29. Feb 16

Extending discount promotion an infringement of competition law

According to a judgment of the LG Hamburg (Regional Court of Hamburg), extending fixed-term promotional discounts for no particular reason constitutes an infringement of competition law.

GRP Rainer Lawyers and Tax Advisors in Cologne, Berlin, Bonn, Düsseldorf, Frankfurt, Hamburg, Munich, Stuttgart and London conclude: Fixed-term promotional discounts are an important form of advertising for many businesses. With bargain promotions, it is possible to purposefully attract customers. In principle, there is nothing wrong with this. That being said, individual stores are not allowed to arbitrarily extend the timeframe for these kinds of promotions for no particular reason. According to a ruling of the Landgericht Hamburg from June 17, 2015, this advertising could then be misleading to consumers and thus constitute an infringement of competition law (Az.: 408 HKO 17/14).

In the instant case, a fixed-term promotional discount was extended by several days in a few stores. The Landgericht Hamburg took the view that this amounted to misleading advertising; while the offers were tempting for consumers, the latter were also pressed for time when it came to deciding whether or not to purchase. It stated that extending the promotional discount meant that there was no reason for this time pressure. Essentially, consumers would have had more time to consider their decision to purchase. The LG Hamburg therefore held that this type of promotion infringed Germany’s Gesetz gegen den unlauteren Wettbewerb (UWG) [Unfair Competition Act]. The Bundesgerichtshof (BGH) [German Federal Court of Justice] had already ruled in a similar case that it was possible for an extension of a promotional discount to constitute an infringement of competition law.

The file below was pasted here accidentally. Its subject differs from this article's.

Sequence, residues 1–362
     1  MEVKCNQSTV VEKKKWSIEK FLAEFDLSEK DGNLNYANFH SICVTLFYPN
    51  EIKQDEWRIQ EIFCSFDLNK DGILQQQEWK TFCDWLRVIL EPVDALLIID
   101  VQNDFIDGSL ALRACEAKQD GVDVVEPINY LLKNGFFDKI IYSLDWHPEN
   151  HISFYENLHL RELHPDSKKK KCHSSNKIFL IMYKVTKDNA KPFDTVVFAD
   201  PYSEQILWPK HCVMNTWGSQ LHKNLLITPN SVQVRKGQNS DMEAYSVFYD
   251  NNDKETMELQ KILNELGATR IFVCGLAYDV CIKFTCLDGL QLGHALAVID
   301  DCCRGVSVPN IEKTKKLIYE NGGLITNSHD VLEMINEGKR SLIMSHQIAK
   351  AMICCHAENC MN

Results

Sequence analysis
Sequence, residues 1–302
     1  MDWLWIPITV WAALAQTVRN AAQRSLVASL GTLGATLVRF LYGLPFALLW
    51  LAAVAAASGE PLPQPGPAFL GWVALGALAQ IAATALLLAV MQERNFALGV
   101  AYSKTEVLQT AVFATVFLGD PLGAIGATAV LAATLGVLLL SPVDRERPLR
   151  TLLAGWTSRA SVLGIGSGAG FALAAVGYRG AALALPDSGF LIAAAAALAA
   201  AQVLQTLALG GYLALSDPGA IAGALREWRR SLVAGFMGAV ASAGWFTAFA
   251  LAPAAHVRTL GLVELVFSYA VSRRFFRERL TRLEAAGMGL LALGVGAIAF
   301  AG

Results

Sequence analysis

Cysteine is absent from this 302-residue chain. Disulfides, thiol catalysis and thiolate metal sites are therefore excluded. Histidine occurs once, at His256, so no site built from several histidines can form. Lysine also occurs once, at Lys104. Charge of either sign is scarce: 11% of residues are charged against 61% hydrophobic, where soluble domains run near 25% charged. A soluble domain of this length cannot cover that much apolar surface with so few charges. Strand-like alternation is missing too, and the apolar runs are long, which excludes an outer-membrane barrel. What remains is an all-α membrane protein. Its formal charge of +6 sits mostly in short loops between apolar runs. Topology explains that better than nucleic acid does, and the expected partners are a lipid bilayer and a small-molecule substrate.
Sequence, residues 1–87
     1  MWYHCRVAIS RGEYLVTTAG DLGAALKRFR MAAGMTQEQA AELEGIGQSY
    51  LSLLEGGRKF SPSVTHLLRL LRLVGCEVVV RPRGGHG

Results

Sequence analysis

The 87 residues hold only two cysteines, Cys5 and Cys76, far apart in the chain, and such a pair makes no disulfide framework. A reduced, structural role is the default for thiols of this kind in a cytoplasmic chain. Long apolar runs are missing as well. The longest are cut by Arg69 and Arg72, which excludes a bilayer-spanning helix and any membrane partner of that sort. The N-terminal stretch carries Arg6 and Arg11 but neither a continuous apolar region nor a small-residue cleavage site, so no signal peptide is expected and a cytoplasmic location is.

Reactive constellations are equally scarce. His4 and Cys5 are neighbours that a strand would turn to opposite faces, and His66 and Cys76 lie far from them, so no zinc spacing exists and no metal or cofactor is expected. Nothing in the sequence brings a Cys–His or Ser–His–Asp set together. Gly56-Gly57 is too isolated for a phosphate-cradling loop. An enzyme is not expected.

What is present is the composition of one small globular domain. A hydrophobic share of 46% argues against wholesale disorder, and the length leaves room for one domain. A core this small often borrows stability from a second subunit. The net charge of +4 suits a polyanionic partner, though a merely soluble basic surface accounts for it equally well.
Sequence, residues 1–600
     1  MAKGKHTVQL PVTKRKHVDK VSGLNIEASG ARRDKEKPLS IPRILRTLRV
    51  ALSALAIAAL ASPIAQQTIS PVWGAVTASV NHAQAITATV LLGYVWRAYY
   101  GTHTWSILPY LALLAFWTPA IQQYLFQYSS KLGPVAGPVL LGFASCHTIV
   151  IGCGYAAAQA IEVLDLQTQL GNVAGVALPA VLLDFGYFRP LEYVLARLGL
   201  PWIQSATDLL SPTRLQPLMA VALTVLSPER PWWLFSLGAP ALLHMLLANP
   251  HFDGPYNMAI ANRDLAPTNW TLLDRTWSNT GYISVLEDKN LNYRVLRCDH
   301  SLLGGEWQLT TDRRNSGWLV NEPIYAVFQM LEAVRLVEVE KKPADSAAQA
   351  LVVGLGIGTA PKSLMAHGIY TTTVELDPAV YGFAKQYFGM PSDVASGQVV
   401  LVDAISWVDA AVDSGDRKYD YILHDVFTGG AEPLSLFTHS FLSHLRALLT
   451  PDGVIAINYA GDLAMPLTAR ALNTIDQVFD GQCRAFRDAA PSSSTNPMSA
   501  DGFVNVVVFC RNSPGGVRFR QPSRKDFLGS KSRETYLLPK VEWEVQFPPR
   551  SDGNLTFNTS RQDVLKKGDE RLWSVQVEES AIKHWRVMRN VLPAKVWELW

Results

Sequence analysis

The BGH had concluded that a commercial activity could be misleading if it involves untrue statements or statements that are likely to result in a false understanding regarding the reason for the sale, such as a special discount. Accordingly, a fixed-term special sales promotion could also be misleading should the promotion be carried on beyond the advertised timeframe. The Court went on to say that if a special promotion specifies a fixed-term then the company in question needs to stick to this (Az.: I ZR 173/09).

Advertising, including by means of promotional discounts, is a crucial factor for many businesses. Having said that, the legislature has established boundaries. Infringements of the UWG may be met with severe punishments, including formal written warnings, damages claims and injunction suits.

Businesses can turn to lawyers who are competent in the field of competition law to fend off or enforce these kinds of legal actions.

For more informations: http://www.grprainer.com/en/legal-advice/intellectual-property-law-and-trademark-law/competition-law.html

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